To Inwa or Ava
Our driver parked the car and led us along a narrow road in the process of being sealed. He bade us buy ferry tickets to the other side of the river and said we should then hire a horse and cart. OK then, off we went.Our ferry soon docked and once aboard we could see the old Ava Bridge behind the longtails huge engine.
A few minutes later we had docked, walked up a steep natural bank, read the welcome sign and faced complete chaos.
Hundreds of horses and carts. A man found us, we handed over seven pounds and picked our way through the melee.
We managed to climb aboard our allotted chariot without getting messy, but oh, the mud.
Off we went, horses and carts as far as we could see.
Once out on the track it was quite pleasant trotting along the narrow track.
Looking in front and behind as things got very bumpy.
Very green countryside.
The lady in the left picture carrying a huge amount of grass as we compared horse and machine.
A hungry chap more interested in eating than working.
We had come to Inwa to see four historical sites. Along with Mandalay, Inwa (or Ava as it was previously known) is perhaps Myanmar’s most famous old capital, situated twenty kilometres south of Mandalay. The heart of government and royal power on five separate occasions from the 14th to the 19th centuries, Inwa was finally abandoned in 1839 after a series of devastating earthquakes.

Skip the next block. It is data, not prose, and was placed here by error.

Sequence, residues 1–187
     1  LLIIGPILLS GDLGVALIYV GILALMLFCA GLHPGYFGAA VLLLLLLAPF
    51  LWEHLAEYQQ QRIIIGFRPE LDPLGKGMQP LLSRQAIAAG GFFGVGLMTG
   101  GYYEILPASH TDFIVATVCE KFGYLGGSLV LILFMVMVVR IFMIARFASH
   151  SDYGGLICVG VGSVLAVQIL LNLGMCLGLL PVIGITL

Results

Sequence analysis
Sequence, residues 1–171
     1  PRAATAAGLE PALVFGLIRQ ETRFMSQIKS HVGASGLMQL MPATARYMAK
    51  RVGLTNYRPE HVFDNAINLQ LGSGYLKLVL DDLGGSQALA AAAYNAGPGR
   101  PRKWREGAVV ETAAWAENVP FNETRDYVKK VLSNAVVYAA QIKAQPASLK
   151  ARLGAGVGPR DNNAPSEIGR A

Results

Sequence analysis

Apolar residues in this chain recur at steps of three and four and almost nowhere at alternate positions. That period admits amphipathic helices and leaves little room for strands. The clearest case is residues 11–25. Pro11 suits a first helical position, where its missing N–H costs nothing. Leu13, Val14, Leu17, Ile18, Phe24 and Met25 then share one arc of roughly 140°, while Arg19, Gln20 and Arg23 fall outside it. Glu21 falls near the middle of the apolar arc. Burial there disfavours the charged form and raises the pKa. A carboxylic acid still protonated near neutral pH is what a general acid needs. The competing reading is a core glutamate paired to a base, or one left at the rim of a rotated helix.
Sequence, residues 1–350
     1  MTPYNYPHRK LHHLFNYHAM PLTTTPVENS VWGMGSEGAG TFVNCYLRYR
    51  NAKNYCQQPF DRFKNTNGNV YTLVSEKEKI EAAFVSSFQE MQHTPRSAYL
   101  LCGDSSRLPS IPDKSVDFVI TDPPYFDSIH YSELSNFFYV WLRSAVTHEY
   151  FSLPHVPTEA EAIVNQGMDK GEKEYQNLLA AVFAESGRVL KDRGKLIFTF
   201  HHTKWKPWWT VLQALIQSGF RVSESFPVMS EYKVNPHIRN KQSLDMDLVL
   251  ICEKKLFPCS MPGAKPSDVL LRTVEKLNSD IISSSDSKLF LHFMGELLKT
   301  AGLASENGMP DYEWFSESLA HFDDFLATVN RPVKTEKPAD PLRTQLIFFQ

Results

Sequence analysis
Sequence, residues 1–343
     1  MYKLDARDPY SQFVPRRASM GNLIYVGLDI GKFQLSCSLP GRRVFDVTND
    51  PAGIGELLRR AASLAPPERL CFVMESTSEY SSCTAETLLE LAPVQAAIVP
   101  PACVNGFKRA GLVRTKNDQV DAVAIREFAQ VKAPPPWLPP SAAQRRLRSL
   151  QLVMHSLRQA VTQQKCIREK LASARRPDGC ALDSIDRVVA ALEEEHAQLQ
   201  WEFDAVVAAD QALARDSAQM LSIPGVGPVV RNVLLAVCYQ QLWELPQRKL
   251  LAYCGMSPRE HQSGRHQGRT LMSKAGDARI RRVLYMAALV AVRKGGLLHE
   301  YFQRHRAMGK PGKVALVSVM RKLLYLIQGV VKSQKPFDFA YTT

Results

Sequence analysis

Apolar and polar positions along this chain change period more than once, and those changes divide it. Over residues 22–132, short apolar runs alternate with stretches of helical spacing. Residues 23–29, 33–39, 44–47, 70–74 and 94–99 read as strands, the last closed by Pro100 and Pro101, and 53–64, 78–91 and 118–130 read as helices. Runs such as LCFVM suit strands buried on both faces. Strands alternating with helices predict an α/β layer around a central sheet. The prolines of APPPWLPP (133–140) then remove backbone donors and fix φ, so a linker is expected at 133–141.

A bit of gentle weeding in the canal. Our driver passed a very crowded parking area at one of the pagodas, preferring to start our tour at a monastery further on.
The biggest challenge of the trip was the detour - a six foot, steep drop that our horse Nanya had to brace herself for, the squadgy mess at the bottom and the equally steep upward bit to get us back on the original track. On our return jaunt a taxi truck got stuck and this horse and cart came to a standstill. The little lady simply didn’t want to do the final bit, sensing it was nearly the end of the day.
On our way back it was nice to see horses going ‘home’ after a very long day.
Our final ride was thankfully a short one but still so very muddy.
A similar chaos for our driver to get us back to be near the ferry dock.
A busy time of day, we had to queue for the next ferry. Lovely to be entertained by a couple of youngsters playing in the river.
A motorbike and several bikes got on before us. The Ava Bridge looking pretty in the late afternoon sun, soon back over the other side, passing a traditional house and finding our driver.
ALL IN ALL A FERTILE AREA AND GREAT TOURIST TRAP
ISOLATED AND PRETTY COUNTRYSIDE AROUND THE FORMER CAPITAL